"Bolton School was such a large part of my life. I can safely say that I would not be doing what I do for a living if it wasn’t for the vibrant arts scene at the school and the encouragement that I was given."

Neil Eckersley, Former Pupil and Theatre Producer

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James Ducker (1988-1998)

Occupation: Northern Football Correspondent for The Times newspaperJames Ducker Portrait Shot

What were your favourite subjects and who were your favourite teachers at School?

English Literature by some distance.  Charles Winder was a gentleman, Steve Holland wonderfully eccentric and Mel Shewan the best teacher I ever had – he recognised the importance of not sticking rigidly to the syllabus week in, week out and took us all on some marvellous detours.  Reading had never been so much fun.  I remember my creative writing lecturer at university being generally taken aback (in a good way) that we'd done Richard II as a Shakespeare text and studied The Spire by William Golding at A-level.  Mel also had this amazing ability to make a cup of coffee last a full hour-and-a-half.

What further study have you undertaken since leaving School?

I studied Film and English Literature at Sheffield Hallam University and then got sponsored by the Manchester Evening News (MEN) to do a Postgraduate Diploma in Newspaper Journalism at the University of Central Lancashire, Preston.

What does your job involve and how did you progress to your current role?

I'm the Northern Football Correspondent for The Times newspaper, which predominantly involves covering Manchester United and Manchester City, wherever they happen to be in the world.  In short, I did a week's work experience at the MEN a few months into my first year at university.  They asked me back and by third year I was pretty much juggling my studies with a busy job as a freelance sports reporter at the paper.  I spent two-and-a-half years as a news reporter at the MEN and then joined The Times in 2005.

Who/what influenced your career choice?

I'm not really sure who influenced it, although I suppose my mum – unwittingly – played a part.  She's a make-up and hair designer, so was always jetting off or disappearing to work on television programmes and films.  I'd always been an avid reader of the sports pages and sports books, in particular, and there were one or two teachers who recognised my interest in journalism quite early on and encouraged it.  I think I was fortunate to establish at a relatively young age – I'd say 14 or 15 – that I wanted to do something that involved sport and writing, that allowed me to travel and meet interesting people, that wasn't conventional and that didn't involve having to negotiate a traffic jam every morning and evening.  I also realised pretty swiftly that to get on in journalism I'd have to gain as much experience as I could as early as I could.  Still, when that involved getting up at 5am on Saturdays – around the time house-mates were getting in from nights out – to travel from Sheffield to Manchester for a 7am start, it's fair to say I was questioning the wisdom of it all.

What/who has been your biggest inspiration?

I wouldn't say I have a single biggest inspiration – I suppose I've had different ones at different junctures of my life, some obvious, others less so.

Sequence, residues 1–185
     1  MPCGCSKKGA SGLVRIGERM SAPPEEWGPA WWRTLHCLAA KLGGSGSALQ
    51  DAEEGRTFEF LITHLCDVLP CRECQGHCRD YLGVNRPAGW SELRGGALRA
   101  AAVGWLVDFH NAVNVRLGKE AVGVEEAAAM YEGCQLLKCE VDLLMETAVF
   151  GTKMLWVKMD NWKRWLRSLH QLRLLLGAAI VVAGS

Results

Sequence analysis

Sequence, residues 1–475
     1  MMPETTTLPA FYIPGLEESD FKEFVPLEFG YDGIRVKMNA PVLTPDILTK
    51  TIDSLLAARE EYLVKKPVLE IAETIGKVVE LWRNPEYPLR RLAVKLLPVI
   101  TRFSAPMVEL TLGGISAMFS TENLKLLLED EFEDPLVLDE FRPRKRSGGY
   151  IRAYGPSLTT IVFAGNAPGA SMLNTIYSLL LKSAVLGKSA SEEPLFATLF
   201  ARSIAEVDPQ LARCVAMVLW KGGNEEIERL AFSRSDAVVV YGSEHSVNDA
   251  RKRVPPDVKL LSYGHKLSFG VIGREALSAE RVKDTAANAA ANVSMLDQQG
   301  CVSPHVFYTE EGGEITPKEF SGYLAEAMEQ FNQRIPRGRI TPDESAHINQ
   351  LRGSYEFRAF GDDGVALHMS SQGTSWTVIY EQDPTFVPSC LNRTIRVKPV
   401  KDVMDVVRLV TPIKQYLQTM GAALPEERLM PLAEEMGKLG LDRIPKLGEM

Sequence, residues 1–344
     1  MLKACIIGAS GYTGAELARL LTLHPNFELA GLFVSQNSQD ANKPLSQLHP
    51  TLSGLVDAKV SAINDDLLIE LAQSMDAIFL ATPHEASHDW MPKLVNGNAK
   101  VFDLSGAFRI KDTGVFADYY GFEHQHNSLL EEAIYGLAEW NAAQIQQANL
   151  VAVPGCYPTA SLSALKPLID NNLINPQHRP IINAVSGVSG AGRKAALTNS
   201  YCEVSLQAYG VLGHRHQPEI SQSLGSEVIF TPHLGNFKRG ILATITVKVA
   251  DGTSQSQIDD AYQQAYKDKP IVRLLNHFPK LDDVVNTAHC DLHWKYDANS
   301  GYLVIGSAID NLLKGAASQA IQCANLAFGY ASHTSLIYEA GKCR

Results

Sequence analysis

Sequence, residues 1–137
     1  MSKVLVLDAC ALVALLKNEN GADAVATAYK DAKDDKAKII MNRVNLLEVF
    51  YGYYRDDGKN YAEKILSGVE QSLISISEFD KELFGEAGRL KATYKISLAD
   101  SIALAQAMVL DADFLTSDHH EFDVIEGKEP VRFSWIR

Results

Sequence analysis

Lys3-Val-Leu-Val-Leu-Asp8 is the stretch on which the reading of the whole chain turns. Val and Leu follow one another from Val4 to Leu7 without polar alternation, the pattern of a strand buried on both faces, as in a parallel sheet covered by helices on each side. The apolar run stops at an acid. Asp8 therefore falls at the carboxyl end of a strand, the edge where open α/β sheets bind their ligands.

Which skills do you consider to be essential for your job?

A thick skin, integrity, perseverance, curiosity and an eye for detail, good people skills and – depending where you are in the world – a strong constitution!

What do you like most about your job?

I get to travel the world watching football and meeting all manner of people – what's there not to like!?

What is your biggest challenge in your current role?

The internet and the rise of social media.  Newspapers might not be around in five years, they might still be in 15, and the industry as a whole was probably quite slow reacting to the rise of the internet and digital.  Personally, I think it's very exciting and have embraced it.  The options now open and available to media companies are huge – the product that can be delivered online is vastly superior to that which appears in print.  Clearly, how that content is best monetised is a question the industry is wrestling with, but then there are plenty of industries that are having to adjust to the challenges presented by the internet: the film and music industries and the retail industry to name but three.  Obviously my workload has increased dramatically as the internet has grown – you're servicing a paper, a website and the multitude of things that entails, from podcasts and webchats to video analysis and audio commentaries, and, of course, there are the social networking tools such as Twitter.  You can get your work out to a much larger audience than ever before, and in an instant, too.

What do you consider to be your greatest career achievement?

I suppose I've had mini personal milestones – winning a few awards and being nominated for a few others – but I'd like to think my greatest career achievement is still to come.  Is that cheating?

How did Bolton School help you to be successful in your chosen career?

It wasn't all about academia, even though that was important – the School was committed to turning out rounded, engaged individuals and encouraged you to have and to pursue your interests.  It helped that the facilities and choices open to pupils were diverse.  I count myself extremely fortunate that my parents sent me to the School.

What advice would you give to our pupils interested in your field of work?

Make sure you know what you're letting yourself in for – the media is not for the faint of heart – and if you decide it's for you then don't do anything by halves.  I'd also look beyond the traditional media platforms of television, radio and print.  The rise of digital has created all manner of new and exciting opportunities.